I always like to find vision related articles these days, and anything relating to stem cells and vision is super cool, because it often mirrors the type of research going on in my lab, where stem cells are being used to create retinal cell types for transplantation. Theoretically, creating tissues in a dish for transplantation into eyes lacking certain cell types or an entire retina could cure many types of blindness. While this is a big step forward, the embryonic stem cells used in this study still raise ethical concerns, while the stem cells being produced in my lab are not because they aren’t derived from embryos.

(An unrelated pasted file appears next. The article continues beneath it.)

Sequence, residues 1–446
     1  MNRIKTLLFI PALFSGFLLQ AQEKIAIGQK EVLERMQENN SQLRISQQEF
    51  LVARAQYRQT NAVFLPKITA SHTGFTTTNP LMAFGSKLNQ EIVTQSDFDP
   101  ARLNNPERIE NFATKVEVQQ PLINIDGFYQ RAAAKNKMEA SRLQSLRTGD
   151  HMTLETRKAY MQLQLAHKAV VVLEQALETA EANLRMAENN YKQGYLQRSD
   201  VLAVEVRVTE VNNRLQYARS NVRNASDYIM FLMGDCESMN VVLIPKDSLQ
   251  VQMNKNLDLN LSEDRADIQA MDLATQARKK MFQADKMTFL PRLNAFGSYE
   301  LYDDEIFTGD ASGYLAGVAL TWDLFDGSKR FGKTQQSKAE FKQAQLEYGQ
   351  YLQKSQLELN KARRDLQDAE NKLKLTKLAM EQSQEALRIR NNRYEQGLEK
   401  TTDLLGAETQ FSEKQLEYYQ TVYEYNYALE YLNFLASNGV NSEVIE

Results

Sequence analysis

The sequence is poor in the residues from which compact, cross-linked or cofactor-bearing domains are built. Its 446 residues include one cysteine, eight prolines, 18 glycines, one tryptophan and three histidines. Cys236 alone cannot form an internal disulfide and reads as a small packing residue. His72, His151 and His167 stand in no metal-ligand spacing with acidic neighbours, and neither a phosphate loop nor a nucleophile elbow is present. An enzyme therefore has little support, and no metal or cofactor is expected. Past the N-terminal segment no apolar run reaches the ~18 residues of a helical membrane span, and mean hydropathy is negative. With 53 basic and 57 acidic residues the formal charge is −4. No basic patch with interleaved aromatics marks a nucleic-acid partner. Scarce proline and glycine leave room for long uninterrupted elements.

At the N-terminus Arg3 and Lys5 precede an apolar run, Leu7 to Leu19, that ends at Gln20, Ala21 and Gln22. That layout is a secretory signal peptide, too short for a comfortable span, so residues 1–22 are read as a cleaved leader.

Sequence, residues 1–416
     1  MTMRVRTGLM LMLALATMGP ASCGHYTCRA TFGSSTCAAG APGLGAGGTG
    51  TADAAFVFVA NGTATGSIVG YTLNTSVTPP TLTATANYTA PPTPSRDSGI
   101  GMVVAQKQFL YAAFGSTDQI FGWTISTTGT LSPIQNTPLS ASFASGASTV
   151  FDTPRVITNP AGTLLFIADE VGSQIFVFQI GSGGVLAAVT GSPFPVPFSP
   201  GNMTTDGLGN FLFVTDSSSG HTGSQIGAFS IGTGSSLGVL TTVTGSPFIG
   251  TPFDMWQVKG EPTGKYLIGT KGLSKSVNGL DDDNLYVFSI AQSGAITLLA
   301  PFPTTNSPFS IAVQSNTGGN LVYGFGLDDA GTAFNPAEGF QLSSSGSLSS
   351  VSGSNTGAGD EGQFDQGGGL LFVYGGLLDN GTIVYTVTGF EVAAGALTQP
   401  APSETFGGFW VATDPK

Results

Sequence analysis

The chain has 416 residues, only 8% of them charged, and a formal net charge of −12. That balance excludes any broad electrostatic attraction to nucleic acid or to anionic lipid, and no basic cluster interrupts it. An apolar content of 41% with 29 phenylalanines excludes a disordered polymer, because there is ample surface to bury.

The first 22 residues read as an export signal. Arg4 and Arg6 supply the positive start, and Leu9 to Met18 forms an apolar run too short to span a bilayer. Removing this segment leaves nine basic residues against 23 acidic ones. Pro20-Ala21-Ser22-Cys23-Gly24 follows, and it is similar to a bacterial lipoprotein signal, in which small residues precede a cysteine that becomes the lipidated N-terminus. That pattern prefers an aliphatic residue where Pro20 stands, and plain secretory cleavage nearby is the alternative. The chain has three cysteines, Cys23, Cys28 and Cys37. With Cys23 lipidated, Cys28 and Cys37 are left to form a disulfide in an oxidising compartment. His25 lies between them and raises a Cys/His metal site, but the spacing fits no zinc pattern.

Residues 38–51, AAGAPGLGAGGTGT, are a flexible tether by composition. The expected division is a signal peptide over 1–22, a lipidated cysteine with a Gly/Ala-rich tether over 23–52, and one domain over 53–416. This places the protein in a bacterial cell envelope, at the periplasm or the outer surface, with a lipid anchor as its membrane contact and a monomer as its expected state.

This particular article is exciting, however, because stem cell therapies have not been used to create whole eye tissues, but mostly a single population of cells that would have to integrate into the existing architecture of the eye. Whole retinas are great because there are two very debilitation diseases, Proliferative Vitreoretinopathy, or PVR (which I study) and Diabetic Retinopathy, which can involve the retina becoming completely detached from the back of the eye. Creating new retinas in a dish may help restore vision to those individuals who have retinal detachments and who’s retinas are too damaged to reattach. Way to go UC Irvine!